What more lively portrayal of nightlife might one find than that of a Parisian sidewalk café occupied by its world-weary patrons? A common subject for the French Impressionists, such images have always held a certain charm for me. If you’re like me then you probably imagine Parisian nightlife in the late-19th and early-20th centuries as a hive of intellectual and decadent activity, but it’s refreshing to know that even in such an exciting environment, not everyone found enjoyment or maintained their enthusiasm, and I reckon this social scene experienced its share of casualties, folks who stuck around long after their expiration, hoping to recapture the good times of years past, or perhaps they were just bored.
It’s that ominous feeling which American Impressionist Richard E. Miller so vividly conveyed his painting Cafe de Nuit. Just look at this! Looking particularly distraught, the seated woman in black is a dead ringer for Anne Gwish if I’ve ever seen one. Whether a stranded wallflower or a fatigued socialite, she nonetheless appears comfortable in her surroundings, and by the look of that glass it doesn’t seem like she’s leaving anytime soon.
Oh, I’m sure Cafe de Nuit contains cultural nuances which are oblivious to me. From what I’ve already read, based on their social class it would be viewed as unfavorable for our two prominent women to be seen unattended in such a setting. One might even find a parable in a juxtaposition of these two women, as the seated Madame might operate as a cautionary tale to the seemingly-cheery lady in white, but that’s aside from what resonates with me about this piece.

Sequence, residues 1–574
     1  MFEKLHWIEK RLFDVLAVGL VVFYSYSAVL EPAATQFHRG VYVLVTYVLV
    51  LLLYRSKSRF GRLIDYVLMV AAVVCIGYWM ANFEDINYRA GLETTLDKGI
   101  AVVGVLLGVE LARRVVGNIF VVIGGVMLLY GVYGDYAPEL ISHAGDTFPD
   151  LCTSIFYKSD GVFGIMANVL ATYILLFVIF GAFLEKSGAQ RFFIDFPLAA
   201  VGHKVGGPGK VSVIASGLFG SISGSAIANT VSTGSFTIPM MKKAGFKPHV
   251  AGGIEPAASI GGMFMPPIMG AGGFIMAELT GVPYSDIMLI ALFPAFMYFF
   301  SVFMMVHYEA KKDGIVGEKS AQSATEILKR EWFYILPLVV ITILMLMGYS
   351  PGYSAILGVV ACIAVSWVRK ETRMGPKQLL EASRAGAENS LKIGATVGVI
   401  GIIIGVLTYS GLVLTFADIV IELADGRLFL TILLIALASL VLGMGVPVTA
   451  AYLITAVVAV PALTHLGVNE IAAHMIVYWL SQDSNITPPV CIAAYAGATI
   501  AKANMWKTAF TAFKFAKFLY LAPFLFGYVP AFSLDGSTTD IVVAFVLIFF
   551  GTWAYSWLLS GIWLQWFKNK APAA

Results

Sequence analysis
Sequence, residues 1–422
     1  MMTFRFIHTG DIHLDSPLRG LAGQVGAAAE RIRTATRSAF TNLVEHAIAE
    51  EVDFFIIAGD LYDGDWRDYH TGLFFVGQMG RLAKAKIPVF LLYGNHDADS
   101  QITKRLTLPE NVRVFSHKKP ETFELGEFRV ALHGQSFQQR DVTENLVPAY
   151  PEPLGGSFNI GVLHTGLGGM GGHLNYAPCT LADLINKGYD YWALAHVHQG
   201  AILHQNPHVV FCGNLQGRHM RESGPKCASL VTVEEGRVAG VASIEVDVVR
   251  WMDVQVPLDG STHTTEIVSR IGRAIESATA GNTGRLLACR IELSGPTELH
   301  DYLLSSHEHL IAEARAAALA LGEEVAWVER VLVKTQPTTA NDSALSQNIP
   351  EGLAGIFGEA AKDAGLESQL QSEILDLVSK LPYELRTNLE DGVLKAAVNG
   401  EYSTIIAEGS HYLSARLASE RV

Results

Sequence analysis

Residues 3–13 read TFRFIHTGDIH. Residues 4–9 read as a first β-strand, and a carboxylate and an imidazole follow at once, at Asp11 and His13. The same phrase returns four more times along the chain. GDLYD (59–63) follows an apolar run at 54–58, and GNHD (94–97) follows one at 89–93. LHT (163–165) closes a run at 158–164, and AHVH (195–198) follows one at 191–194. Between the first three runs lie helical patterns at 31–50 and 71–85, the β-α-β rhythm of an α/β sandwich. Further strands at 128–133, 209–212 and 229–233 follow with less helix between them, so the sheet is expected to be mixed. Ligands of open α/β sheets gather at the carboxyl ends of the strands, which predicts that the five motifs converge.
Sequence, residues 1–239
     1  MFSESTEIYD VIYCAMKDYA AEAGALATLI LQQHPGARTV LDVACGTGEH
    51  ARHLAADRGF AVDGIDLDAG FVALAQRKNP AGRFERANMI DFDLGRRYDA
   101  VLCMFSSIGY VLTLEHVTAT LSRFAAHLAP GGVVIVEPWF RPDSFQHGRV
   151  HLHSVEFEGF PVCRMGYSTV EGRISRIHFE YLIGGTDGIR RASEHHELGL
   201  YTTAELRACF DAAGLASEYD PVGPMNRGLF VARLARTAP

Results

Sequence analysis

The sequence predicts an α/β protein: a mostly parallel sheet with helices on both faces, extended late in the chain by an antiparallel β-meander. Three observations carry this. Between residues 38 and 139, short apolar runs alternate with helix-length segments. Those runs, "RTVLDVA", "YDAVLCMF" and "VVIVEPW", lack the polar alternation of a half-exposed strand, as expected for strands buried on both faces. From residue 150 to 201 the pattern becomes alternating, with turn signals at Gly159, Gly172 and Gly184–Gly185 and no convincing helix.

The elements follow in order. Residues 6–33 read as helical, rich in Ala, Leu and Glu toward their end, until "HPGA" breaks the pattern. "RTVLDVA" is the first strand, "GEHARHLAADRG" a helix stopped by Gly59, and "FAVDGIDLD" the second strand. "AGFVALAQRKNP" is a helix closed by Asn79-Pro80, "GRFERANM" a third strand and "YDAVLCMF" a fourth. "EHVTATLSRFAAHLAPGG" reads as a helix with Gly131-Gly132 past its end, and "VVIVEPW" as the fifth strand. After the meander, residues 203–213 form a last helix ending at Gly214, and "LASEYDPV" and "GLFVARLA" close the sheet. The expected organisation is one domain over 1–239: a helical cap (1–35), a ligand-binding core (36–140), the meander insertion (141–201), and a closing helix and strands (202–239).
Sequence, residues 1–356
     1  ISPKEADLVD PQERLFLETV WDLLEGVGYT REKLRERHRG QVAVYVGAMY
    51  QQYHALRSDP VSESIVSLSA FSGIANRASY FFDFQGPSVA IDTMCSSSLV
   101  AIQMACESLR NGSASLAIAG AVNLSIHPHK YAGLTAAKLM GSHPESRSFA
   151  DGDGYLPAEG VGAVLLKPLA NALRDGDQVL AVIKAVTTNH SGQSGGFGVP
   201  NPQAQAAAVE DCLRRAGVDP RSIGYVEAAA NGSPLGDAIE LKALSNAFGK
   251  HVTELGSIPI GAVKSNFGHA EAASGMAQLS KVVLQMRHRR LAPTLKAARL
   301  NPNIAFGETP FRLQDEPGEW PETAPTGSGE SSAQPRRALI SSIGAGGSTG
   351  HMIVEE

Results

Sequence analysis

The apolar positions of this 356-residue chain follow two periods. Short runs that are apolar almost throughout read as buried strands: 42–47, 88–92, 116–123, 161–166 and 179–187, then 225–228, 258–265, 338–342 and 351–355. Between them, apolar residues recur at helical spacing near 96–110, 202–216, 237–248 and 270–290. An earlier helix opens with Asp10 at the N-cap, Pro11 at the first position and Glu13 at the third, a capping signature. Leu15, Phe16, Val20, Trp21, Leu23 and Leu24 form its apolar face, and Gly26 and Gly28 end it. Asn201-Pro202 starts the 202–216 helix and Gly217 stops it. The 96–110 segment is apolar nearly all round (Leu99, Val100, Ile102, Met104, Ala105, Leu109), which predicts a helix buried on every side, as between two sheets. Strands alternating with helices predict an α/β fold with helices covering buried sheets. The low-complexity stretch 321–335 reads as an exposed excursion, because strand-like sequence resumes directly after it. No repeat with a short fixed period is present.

There’s an intrigue to people watching not limited to establishments which cater to nightlife, as regulars and loyal customers of businesses everywhere are disposed to claim their territories and defend them with ire, but Miller’s isn’t satisfied with such a simple observation, instead suggesting an emptiness which comments on the scene, even if that emptiness isn’t fully realized by its subjects. In his composition, the open space left by the empty chair operates as the vacuum, pulling the eye inward no matter where else in the café we try to explore. For me, this space communicates a void, as if something essential has since departed and left these poor souls stranded, but even so they continue to haunt this lonely spot as if it were a temporal limbo.
On a lighter note, I love the use of color and the attention to placement throughout this piece. Unlike other Impressionist café views I’m accustomed to seeing, all the variables in Miller’s painting seem so exacting and rigid, perhaps lacking the natural energy one might find in a Edgar Degas or a Henri de Toulouse-Lautrec, but that’s fine by me. I also enjoy the woman departing via carriage in the background as well as the small stand which appears to be selling flowers.